Looking at the other side, the popular Fender Stratocaster and Telecaster that dominated the early ‘60s each were about 6 to 7 pounds and are known for being the instrument behind the sounds of classic music from Jimi Hendrix and Pink Floyd – a sound which cannot be denied its own respective greatness.
So, with that said, it’s obvious that great, classic sounds come from both lighter and heavier guitars. As far as which sounds better, by now you should know the answer depends on a player’s tonal preference. In fact, a lot of musicians use both, which is the reason why many guitarists use multiple types of guitars.
But you still have to keep in mind that a large 12-pound guitar might get uncomfortable after an extended period of play and, if you’re not comfortable, you won’t be playing at your best. So for many, a lighter guitar might be their preference overall simply because it feels better while playing, regardless of the quality of the sound.
Conclusion: Does Guitar Body Shape Affect Tone?
There’s a lot that goes into a guitar’s signature tone. There are the pickups – of course – as well as the makeup of the wood, not to mention the type of body. But beyond that, the weight of the instrument also plays an integral role.
When it comes to picking out an acoustic guitar, body shape is key. Far from being just an aesthetic choice, an acoustic guitar’s body defines its sound and relationship with the player. But with dozens of different names, sizes, and silhouettes, finding a body style that complements your unique needs can seem overwhelming.
Body shape most definitely matters, and it will make a difference in both sound and playability. With a guitar that does not have the right size and shape for you, it will be harder to learn and progress with the instrument. Plus, different shapes create different tonal characteristics, which results in different sounds.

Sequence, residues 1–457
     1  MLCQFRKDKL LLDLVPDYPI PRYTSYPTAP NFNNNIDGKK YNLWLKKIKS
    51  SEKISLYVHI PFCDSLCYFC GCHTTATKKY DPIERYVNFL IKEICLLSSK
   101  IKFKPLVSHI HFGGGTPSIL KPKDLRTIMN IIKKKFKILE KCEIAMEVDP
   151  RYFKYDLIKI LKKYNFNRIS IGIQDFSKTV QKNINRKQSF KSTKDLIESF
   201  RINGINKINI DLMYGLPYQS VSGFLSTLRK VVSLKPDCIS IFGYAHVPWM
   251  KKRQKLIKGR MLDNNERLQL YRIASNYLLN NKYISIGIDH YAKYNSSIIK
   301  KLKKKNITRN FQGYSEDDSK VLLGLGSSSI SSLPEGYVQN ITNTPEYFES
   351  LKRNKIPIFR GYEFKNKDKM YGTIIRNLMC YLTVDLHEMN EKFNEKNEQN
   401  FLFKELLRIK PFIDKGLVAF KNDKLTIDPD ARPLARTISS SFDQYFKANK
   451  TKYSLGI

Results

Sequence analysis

Hopefully, you now know where to tread in choosing your own guitar body shape based on your own preferences.
FAQs Does Guitar Body Shape Affect Tone?
The guitar’s shape will affect the sound and your comfort when you hold it. We recommend narrowing your search for a guitar by starting with the sound that you want. Then you can search for guitars that have the shape that will more likely produce the sound that you want.
Many players gravitate towards the dreadnought for its bold sound, snappy midrange, and strong low end. This body shape is an excellent choice for emphatic strummers, singer-songwriters, and musicians playing with a full band.
Guitars are shaped the way they are to allow for the right amount of balance both when strapped on your shoulder and when balanced on your knee. Although most guitars have the same basic “8” shape, many variations exist which will produce different tones.
A big part of your tone comes down to how you play — how you fret chords and how you strum or pick. At the end of the day, the electric guitar tone is a magic brew made up of a lot of factors. And the wood of the neck and body is an ingredient in that recipe.